“We’ve had good people trying to do the work, but it has not been done for whatever reason,” he said. “We cannot continue to move down that road. If we go and rush and hire positions that I think are not exactly the positions we need to move the city forward without any discussion, I think that’s problematic.”
Ward 4 Pierre Beard attended Gaskin’s press conference and raised concerns he said he’s heard from constituents about the forensic audit being little more than a targeted effort to catch more criminal activity.
Gaskin said that was an unfair assumption.
“There’s an assumption this is a ‘I gotcha’ or ‘I’m looking for ya’ is just not who I am. … A lot of people assume that because, and let’s go ahead and put it out there, I’m the middle-aged white guy that defeated the (city’s) first African American mayor,” Gaskin said, referring to his victory in June over incumbent Robert Smith. “That’s an easy assumption to jump to. People out there want to compare me to Trump, which almost makes me want to vomit. Yeah I just said it. I could not be farther from Donald Trump than anybody.”
But Gaskin warned that failing to fairly discuss a forensic audit “inflames the conspiracy theorists out there.”
“Hopefully nothing major will be found,” he said. “At least it will clear the air.”
Originally, Gaskin planned to have his organizational chart presented to the public and council by Monday. Those efforts, he said, were delayed by the council’s action last week but it is “almost finished.”
Asked if he was willing to negotiate on either the audit or staffing, Gaskin said he was.
“There’s room for negotiation on everything,” he said. “Whoever said there wasn’t? … It’s not my way or the highway. If the council goes a different direction, I will happily work with that.”
Continued communication problems
On Tuesday, Gaskin also defended his efforts to improve communication with the council and continued to criticize how he has been portrayed in the media and on Facebook.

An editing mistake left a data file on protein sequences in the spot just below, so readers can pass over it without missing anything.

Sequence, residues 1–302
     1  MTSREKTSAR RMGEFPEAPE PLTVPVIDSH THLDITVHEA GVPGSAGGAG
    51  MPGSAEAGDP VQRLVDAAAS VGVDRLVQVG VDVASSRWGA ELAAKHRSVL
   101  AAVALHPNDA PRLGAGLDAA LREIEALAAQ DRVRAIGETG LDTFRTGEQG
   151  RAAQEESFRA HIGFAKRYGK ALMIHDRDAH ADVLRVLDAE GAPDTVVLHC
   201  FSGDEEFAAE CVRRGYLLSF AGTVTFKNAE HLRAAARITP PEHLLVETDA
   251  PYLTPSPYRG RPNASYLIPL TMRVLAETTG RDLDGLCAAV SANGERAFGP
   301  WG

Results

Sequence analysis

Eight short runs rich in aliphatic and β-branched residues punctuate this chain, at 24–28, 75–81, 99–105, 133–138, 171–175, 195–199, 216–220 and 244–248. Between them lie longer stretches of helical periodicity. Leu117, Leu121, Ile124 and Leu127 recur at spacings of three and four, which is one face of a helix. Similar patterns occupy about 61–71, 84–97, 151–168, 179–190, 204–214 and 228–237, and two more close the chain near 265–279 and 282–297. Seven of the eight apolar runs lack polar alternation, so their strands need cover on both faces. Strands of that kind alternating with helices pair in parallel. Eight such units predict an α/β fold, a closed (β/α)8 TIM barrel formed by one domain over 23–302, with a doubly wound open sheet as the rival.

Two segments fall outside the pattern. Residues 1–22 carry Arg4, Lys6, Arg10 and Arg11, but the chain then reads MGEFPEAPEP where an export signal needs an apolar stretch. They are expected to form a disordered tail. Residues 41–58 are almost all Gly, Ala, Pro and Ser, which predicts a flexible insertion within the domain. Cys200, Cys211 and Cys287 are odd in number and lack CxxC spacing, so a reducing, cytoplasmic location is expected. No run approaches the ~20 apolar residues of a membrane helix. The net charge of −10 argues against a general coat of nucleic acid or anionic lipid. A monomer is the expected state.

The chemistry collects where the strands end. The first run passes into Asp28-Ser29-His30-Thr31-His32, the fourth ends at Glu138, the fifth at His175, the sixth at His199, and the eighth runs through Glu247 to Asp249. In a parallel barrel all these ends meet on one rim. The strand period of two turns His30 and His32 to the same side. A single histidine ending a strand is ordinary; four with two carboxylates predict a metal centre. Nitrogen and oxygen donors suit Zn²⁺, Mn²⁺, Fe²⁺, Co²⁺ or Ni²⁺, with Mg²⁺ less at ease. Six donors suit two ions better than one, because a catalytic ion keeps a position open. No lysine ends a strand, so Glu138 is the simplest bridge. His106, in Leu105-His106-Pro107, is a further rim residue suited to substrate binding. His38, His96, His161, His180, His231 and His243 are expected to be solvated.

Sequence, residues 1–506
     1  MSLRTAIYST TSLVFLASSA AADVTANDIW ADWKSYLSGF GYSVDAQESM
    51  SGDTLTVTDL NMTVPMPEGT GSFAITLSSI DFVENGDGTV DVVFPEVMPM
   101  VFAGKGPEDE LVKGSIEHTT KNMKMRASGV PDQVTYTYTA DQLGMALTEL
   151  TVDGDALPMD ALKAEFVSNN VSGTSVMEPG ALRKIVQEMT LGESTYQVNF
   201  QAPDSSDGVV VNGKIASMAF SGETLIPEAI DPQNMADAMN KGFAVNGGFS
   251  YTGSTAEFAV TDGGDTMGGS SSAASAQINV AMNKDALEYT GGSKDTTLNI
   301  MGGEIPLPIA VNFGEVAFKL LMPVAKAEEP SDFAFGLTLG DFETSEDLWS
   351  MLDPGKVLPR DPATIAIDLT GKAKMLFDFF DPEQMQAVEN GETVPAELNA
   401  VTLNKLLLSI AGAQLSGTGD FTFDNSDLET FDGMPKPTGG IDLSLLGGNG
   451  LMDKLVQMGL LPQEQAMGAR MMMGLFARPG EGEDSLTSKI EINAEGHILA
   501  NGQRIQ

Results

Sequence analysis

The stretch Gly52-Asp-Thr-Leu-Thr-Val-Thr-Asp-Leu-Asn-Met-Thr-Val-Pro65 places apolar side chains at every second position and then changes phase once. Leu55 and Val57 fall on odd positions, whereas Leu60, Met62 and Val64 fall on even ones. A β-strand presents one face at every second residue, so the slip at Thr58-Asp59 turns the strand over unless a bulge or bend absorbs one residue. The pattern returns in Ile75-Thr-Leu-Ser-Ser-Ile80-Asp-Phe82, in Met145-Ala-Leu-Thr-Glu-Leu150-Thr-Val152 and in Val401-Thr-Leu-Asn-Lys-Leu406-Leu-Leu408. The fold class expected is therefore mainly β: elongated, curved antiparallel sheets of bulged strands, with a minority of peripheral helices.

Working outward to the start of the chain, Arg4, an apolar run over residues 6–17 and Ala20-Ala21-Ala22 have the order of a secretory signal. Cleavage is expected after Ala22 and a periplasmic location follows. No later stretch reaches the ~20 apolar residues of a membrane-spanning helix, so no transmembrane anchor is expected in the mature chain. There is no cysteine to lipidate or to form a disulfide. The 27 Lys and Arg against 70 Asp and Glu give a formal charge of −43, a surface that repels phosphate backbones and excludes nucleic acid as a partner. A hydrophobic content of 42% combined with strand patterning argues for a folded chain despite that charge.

He said he had emailed the council his vetoes and called each of them to discuss it prior to the press conference. He had also invited them all to the press conference, although Beard was the only one who came.
“Contrary to what some might think, I have a very good relationship with all the council members,” he said. “I know they are good people who want to make a difference in this city. … I have admitted, as a new mayor, maybe I haven’t always communicated as well as some — as many — believe I should, but I am working very hard to correct that.”
Mickens, however, told The Dispatch on Tuesday the situation had not improved.
“We’re at the same place,” he said. “Communication is everything. You know that. … We’re going to do everything we can for the relationship with the council and mayor to work out. We have no communication with the mayor. All we are saying (to him) is, just talk to us.”
After the press conference, Beard told The Dispatch he was unmoved regarding the audit. He felt the price range gap between the firms was poorly explained and their presentations not well-enough prepared. He also is concerned about “some assumptions still being thrown around” regarding the audit’s purpose.
“I’m staying where I’m at,” Beard said of his vote.
On the organizational chart, however, Beard said he is open to more discussion. Time is of the essence to fill whatever positions are approved, he said, because he remains concerned about the city being short-staffed in key positions — especially when interim COO Mark Alexander Jr. and interim CFO Mike Bernsen, both volunteers, can “leave at any time.”
Zack Plair is the managing editor for The Dispatch.